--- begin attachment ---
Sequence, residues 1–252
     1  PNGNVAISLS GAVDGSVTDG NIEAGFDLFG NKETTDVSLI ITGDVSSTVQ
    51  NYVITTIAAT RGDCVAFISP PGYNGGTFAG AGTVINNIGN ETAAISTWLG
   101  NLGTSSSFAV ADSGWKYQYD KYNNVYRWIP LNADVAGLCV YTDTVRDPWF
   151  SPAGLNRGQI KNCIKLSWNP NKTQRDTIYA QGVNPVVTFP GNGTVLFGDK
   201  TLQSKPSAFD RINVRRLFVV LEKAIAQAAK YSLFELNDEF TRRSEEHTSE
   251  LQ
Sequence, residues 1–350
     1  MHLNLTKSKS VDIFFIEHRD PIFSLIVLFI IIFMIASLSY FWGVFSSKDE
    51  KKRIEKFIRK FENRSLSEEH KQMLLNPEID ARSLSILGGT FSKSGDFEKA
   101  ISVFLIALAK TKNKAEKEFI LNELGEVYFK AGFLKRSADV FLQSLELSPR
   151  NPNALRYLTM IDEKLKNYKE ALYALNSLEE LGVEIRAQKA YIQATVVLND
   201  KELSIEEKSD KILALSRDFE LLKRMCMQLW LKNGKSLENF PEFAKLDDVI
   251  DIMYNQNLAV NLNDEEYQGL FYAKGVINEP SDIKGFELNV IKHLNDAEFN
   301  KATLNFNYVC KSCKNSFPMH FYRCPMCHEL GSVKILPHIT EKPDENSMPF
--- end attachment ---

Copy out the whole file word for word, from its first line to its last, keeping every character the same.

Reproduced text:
Sequence, residues 1–252
     1  PNGNVAISLS GAVDGSVTDG NIEAGFDLFG NKETTDVSLI ITGDVSSTVQ
    51  NYVITTIAAT RGDCVAFISP PGYNGGTFAG AGTVINNIGN ETAAISTWLG
   101  NLGTSSSFAV ADSGWKYQYD KYNNVYRWIP LNADVAGLCV YTDTVRDPWF
   151  SPAGLNRGQI KNCIKLSWNP NKTQRDTIYA QGVNPVVTFP GNGTVLFGDK
   201  TLQSKPSAFD RINVRRLFVV LEKAIAQAAK YSLFELNDEF TRRSEEHTSE
   251  LQ
Sequence, residues 1–350
     1  MHLNLTKSKS VDIFFIEHRD PIFSLIVLFI IIFMIASLSY FWGVFSSKDE
    51  KKRIEKFIRK FENRSLSEEH KQMLLNPEID ARSLSILGGT FSKSGDFEKA
   101  ISVFLIALAK TKNKAEKEFI LNELGEVYFK AGFLKRSADV FLQSLELSPR
   151  NPNALRYLTM IDEKLKNYKE ALYALNSLEE LGVEIRAQKA YIQATVVLND
   201  KELSIEEKSD KILALSRDFE LLKRMCMQLW LKNGKSLENF PEFAKLDDVI
   251  DIMYNQNLAV NLNDEEYQGL FYAKGVINEP SDIKGFELNV IKHLNDAEFN
   301  KATLNFNYVC KSCKNSFPMH FYRCPMCHEL GSVKILPHIT EKPDENSMPF